Jan Timmreck picked up a cue stick for the first time about a year ago after moving to The View.
"I love it," Timmreck said of the game of pool, which she now plays as regularly as she can with the assisted living center's league.
Nearly 25 residents of The View in Minot play with the league. Each week the leagues pairs up a different male and female partner to create two-member teams that face off early in the week. The play-off games lead to a championship match on Thursdays. Presentation of the two traveling trophies to the winning team occurs on Fridays. The trophies, kept on display in the pool room, hold the name plates of the latest week's winners.
Gary Nelson, a pool instructor from Stanley, demonstrates a technique as Doc Olson looks on Jan. 12 at The View.
Pool isn't all about competition at The View, though.
"What I like about it is you get exercise walking around the pool table and you get exercise mentally," said league member Laura Skalicky. It's a social event, too.
"We have a lot of fun and a lot of laughs," Skalicky said.
Some of the laughs come from silly mistakes, but they are working on improving their games. On Jan. 12, certified pool instructor Gary Nelson, of Stanley, conducted a workshop at The View. Nelson, who taught pool at Minot State University, said pool incorporates physics and geometry. He explained by demonstrating the stop shot, back roll and top spin, which are techniques for getting the cue ball to behave in ways that facilitate certain shots. He also demonstrated ways to hold the cue stick and talked about how the characteristics of the table felt and cleanliness of the balls can affect shots.
Nelson, a senior national referee who worked international pool tournaments in Las Vegas for 12 years, also presented a few official rules for the common 8 ball game. However, he noted there's nothing wrong with having your own rules for informal play as long as people know what they are and you stick to them.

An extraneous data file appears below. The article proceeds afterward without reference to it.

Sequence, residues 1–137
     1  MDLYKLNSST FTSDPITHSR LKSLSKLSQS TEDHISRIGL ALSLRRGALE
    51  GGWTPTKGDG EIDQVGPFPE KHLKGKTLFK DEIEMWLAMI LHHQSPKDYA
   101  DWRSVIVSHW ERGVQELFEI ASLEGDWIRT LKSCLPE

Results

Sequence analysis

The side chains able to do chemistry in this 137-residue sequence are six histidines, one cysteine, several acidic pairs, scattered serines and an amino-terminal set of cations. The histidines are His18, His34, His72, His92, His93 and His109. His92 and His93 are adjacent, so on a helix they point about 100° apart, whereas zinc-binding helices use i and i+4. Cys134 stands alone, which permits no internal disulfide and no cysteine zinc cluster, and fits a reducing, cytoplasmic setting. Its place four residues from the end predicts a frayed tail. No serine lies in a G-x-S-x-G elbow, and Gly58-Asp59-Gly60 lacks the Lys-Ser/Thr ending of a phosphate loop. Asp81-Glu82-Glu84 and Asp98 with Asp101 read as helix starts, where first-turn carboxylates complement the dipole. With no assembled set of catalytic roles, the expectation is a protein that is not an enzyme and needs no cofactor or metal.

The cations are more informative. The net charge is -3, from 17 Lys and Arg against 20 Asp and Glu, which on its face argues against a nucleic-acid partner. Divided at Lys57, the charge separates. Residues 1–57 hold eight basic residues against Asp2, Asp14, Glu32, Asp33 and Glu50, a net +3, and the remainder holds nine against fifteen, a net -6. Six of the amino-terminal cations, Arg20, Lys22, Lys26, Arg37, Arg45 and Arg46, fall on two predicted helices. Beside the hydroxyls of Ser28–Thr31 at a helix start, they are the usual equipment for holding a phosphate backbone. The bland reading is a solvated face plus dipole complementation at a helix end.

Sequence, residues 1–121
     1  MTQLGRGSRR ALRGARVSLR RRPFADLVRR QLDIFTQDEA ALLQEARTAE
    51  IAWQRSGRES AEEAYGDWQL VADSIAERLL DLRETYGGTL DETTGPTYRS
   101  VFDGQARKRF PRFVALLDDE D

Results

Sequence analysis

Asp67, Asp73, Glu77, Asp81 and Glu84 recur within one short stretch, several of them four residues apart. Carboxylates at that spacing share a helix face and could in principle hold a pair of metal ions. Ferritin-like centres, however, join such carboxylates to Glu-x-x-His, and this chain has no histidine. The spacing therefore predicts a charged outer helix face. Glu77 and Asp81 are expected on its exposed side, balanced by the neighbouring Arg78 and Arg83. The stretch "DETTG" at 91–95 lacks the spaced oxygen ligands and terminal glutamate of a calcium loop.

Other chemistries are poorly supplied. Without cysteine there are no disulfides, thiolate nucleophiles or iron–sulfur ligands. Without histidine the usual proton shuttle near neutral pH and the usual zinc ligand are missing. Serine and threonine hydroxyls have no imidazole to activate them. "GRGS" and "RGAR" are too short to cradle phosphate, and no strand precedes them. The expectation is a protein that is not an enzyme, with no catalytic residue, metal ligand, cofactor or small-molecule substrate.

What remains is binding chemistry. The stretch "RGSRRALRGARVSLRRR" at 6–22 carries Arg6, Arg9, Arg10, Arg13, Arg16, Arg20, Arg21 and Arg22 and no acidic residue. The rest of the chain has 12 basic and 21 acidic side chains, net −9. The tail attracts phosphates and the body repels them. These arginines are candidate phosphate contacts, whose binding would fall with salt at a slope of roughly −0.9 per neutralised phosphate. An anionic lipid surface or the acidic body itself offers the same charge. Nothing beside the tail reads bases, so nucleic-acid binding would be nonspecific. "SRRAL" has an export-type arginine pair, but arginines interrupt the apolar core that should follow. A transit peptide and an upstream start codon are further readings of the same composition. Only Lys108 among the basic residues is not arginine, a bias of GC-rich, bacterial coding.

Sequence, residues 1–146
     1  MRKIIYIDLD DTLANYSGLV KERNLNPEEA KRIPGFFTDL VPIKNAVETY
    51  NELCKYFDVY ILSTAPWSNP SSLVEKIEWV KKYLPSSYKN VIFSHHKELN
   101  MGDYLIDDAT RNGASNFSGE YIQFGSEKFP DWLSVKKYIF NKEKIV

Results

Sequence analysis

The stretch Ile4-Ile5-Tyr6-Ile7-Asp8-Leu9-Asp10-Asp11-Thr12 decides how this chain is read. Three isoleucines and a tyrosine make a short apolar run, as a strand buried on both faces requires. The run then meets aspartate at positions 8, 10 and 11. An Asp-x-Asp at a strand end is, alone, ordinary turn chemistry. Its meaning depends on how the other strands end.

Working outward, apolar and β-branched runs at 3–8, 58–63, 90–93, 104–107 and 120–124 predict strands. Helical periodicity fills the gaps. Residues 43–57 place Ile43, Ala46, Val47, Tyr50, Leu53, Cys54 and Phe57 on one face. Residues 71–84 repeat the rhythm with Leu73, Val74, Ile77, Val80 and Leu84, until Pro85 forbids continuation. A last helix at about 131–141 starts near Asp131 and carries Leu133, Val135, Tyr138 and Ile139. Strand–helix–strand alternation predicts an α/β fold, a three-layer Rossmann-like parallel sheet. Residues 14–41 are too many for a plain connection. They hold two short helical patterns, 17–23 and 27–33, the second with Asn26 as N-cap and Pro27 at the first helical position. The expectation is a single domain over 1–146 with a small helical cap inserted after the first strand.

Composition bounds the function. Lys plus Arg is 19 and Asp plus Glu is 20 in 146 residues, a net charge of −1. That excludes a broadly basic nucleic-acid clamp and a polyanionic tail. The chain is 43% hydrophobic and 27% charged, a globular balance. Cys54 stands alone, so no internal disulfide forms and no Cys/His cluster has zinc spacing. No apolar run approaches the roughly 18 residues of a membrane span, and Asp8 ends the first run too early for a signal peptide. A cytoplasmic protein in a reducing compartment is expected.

The game of choice at The View, where pool is popular because it can be played despite physical limitations, is 8 ball. Skalicky said The View league has a number of players who have vision restrictions or physical disabilities.
"But they still can shoot a good game of pool," she said.
The women tend to be newer to the game and most started playing since moving to The View. The men often have had previous experience in their youth.
A Westhope native, Calmer Overlee, remembers playing in the community's recreation center. The community had a competitive league but he just played for fun. He played a good deal in Arizona during the 18 years that he wintered there.
"I really enjoy it. It's my outlet," he said. "The social part is the big thing."
Clarence "Doc" Olson learned pool from a one-armed teacher in Powers Lake.
"He was a good teacher," he said. Olson used to play snooker pool and traveled to league tournaments around the region.
"The older players 80 to 90 years old were the best players," recalled Olson, who is past 90 himself these days and considered one of the more formidable players in The View's league. Olson said he didn't play much when working as a dentist in Mohall but once he retired, he played often at the senior citizens center.
"We had a group that would meet at 12 o'clock and we would play until 4 o'clock," he said.
Moving to The View when the June flood inundated his home, he's a frequent visitor to the pool room at the center. He's still perfecting his game. After taking in Nelson's demonstrations, Olson looked forward to trying out the playing tips.